Wiseman said these verses from Matthew remind us that “there’s treasure in the world … that we think, ‘If I have that, I’ll know I have made it.’ ”
But, Jesus told the disciples that what they acquire in worldly treasure is “not going to matter a hill of beans. It’s not going to make any difference,” she said. “What’s important is to invest and be in the midst of what your heart longs for.”
Recently, as part of long-term financial investing, money can be directed to funds focused specifically on environmental, social and corporate governance, or ESG, Wiseman explained.
These ESGs allow people to invest in preserving the “finite, fragile amount” of natural treasure here on Earth, she said.
Wiseman continued, “The ice caps are melting, rivers are being ruined by toxic chemicals, glaciers are falling … animals are going extinct because they are in environments where there is no possibility for them to exist the way they used to.”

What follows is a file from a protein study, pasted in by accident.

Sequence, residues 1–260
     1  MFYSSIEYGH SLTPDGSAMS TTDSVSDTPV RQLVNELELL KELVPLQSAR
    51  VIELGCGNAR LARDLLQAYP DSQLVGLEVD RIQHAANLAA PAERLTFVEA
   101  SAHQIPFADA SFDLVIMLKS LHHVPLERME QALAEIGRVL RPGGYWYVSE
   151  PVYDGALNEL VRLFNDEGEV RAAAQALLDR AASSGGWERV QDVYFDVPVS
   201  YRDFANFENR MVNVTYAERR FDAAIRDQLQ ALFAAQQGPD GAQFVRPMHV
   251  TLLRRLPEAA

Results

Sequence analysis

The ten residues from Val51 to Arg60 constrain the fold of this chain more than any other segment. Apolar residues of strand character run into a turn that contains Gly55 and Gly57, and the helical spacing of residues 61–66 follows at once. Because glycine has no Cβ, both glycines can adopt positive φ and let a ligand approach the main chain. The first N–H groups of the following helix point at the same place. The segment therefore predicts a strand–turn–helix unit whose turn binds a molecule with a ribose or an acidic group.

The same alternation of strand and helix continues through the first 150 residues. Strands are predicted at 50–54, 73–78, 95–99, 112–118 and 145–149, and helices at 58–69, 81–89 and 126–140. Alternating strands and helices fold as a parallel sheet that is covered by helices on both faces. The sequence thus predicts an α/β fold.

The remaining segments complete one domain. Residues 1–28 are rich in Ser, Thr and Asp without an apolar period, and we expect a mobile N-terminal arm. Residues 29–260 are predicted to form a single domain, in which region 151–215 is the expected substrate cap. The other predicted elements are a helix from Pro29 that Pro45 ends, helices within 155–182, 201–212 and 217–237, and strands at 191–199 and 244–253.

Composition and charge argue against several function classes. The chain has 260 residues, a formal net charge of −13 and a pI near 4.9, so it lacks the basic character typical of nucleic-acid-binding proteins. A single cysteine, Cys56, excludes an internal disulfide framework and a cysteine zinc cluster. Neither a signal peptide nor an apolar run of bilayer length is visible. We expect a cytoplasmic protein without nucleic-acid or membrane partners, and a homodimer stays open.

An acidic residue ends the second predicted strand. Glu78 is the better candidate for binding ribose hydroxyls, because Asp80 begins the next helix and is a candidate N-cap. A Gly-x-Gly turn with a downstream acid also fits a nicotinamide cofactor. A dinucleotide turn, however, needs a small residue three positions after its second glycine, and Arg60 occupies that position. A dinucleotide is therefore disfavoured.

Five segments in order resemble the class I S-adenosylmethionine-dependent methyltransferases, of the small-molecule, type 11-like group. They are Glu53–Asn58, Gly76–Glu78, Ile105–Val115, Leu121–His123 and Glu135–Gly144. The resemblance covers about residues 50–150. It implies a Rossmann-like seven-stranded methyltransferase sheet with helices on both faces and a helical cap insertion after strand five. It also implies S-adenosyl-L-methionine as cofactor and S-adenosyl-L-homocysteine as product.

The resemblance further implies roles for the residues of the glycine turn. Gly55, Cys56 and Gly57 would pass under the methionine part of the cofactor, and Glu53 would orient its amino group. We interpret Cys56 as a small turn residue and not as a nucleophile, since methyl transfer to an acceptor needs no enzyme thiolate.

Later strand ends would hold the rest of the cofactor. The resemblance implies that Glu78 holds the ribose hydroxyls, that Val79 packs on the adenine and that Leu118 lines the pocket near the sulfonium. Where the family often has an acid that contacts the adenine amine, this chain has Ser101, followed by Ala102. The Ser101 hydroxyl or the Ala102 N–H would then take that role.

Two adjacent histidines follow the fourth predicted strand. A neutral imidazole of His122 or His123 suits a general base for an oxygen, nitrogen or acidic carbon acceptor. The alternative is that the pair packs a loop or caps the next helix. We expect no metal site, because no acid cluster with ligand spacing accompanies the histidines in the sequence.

All of this is contained on the Big Blue Marble that “blew those astronauts and NASA scientists away … to see it hanging in the sky, turning on its axis,” Wiseman said.
And that helped them and other people take the time, with intentionality, she said, to see it — and, subsequently, illustrate to some the imperative to preserve it.
Wiseman paraphrased cosmologist Carl Sagan referring to the 1989 “Pale Blue Dot” image of Earth portrayed as no more than a tiny speck: “Look at that marble. Everyone you love, everything that you hold dear, every environment that you enjoy visiting … every resource is on that marble.”
She continued, “As it hangs there, you see that marble as it marvels us all, as it rotates, moves, gives us food to eat and drink — and we are doing everything we can to destroy it.”
National parks have been set aside so humans can enjoy nature and protect the natural habitat of animals. And, while Jesus said “your heart ought to be up in heaven,” Wiseman said, that doesn’t mean he wanted people to exploit the resources on Earth by doing things like overfishing the oceans or deforesting the land.
“We only have one Big Blue Marble,” she said. “And it was gifted to us by God, who made it, and all the different pieces of it, blessed it, and said, ‘It is good.’ ”